Feb 5, 2019

A vaccine is Pfizer's best-selling drug

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Data: Company documents; Chart: Andrew Witherspoon/Axios

Over the past 4 years, the product that generated the most sales for Pfizer wasn't one of its household names, like Lyrica, Lipitor or Viagra. It was Prevnar 13, a vaccine that protects against pneumonia and other infections.

The bottom line: Pfizer has collected $23.4 billion in Prevnar 13 sales since 2015, including $5.8 billion last year. The pharmaceutical giant got a big revenue boost in 2015, after the federal government recommended the vaccine for people older than 65 and required insurance to cover it.

Details: Before 2015, most of Pfizer's Prevnar 13 revenue came from international markets.

  • But the seal of approval from the Centers for Disease Control and Prevention in late 2014 prompted U.S. seniors to get the vaccine, which most commonly was given to children younger than 2.
  • Pfizer commands higher prices for the drug in the U.S. The price of a single Prevnar 13 shot this year, before taking out rebates and discounts, is about $195 — a 5% increase from 2018 and 79% higher than its list price from 2010.
  • The patent for Prevnar 13 doesn't expire until 2026, several years after some of Pfizer's other growing medications, like Ibrance and Xeljanz, will have lost their patent protection. (Lyrica, Lipitor and Viagra are already off-patent.)

Go deeper: The rising price of the pneumococcal vaccine is angering doctors, Kaiser Health News reports.

Go deeper

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A protest near the White House on Sunday night. Photo: Alex Wong/Getty Images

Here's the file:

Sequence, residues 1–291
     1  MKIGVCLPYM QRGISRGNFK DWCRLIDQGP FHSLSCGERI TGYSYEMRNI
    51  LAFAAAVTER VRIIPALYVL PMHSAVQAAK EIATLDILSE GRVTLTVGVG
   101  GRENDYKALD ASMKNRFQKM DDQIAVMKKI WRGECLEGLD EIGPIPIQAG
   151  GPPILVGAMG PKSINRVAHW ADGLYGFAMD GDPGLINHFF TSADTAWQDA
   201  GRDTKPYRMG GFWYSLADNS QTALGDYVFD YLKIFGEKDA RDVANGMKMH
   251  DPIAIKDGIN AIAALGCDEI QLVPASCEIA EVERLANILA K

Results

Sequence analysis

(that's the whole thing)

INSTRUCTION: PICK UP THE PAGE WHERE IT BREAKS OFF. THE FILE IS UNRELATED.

Most external White House lights were turned off late Sunday as the D.C. National Guard was deployed to assist and authorities fired tear gas at hundreds of protesters nearby, per the New York Times.

What's happening: It's one of several tense, late-night standoffs between law enforcement and demonstrators.

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A man waves a Black Lives Matter flag atop the CNN logo outside the CNN Center during a protest in response to the police killing of George Floyd, Atlanta, Georgia, May 29. Photo: Elijah Nouvelage/Getty Images

Dozens of journalists across the country tweeted videos Saturday night of themselves and their crews getting arrested, being shot at by police with rubber bullets, targeted with tear gas by authorities or assaulted by protesters.

Driving the news: The violence got so bad over the weekend that on Sunday the Cleveland police said the media was not allowed downtown unless "they are inside their place of business" — drawing ire from news outlets around the country, who argued that such access is a critical part of adequately covering protests.

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The tanker after plowing into protesters on the shut-down bridge in Minneapolis on Sunday evening. Authorities said it appeared protesters escaped injury. Photo: Jeff Wheeler/Star Tribune via Getty Images

Minnesota authorities said in a statement they're investigating as a criminal matter what happened with a truck that "drove into demonstrators" on a Minneapolis bridge Sunday evening while the eight-lane road was closed for a protest.

What they're saying: Minnesota Department of Public Safety tweeted, "Very disturbing actions by a truck driver on I-35W, inciting a crowd of peaceful demonstrators. The truck driver was injured & taken to a hospital with non-life threatening injuries. He is under arrest. It doesn't appear any protesters were hit by the truck."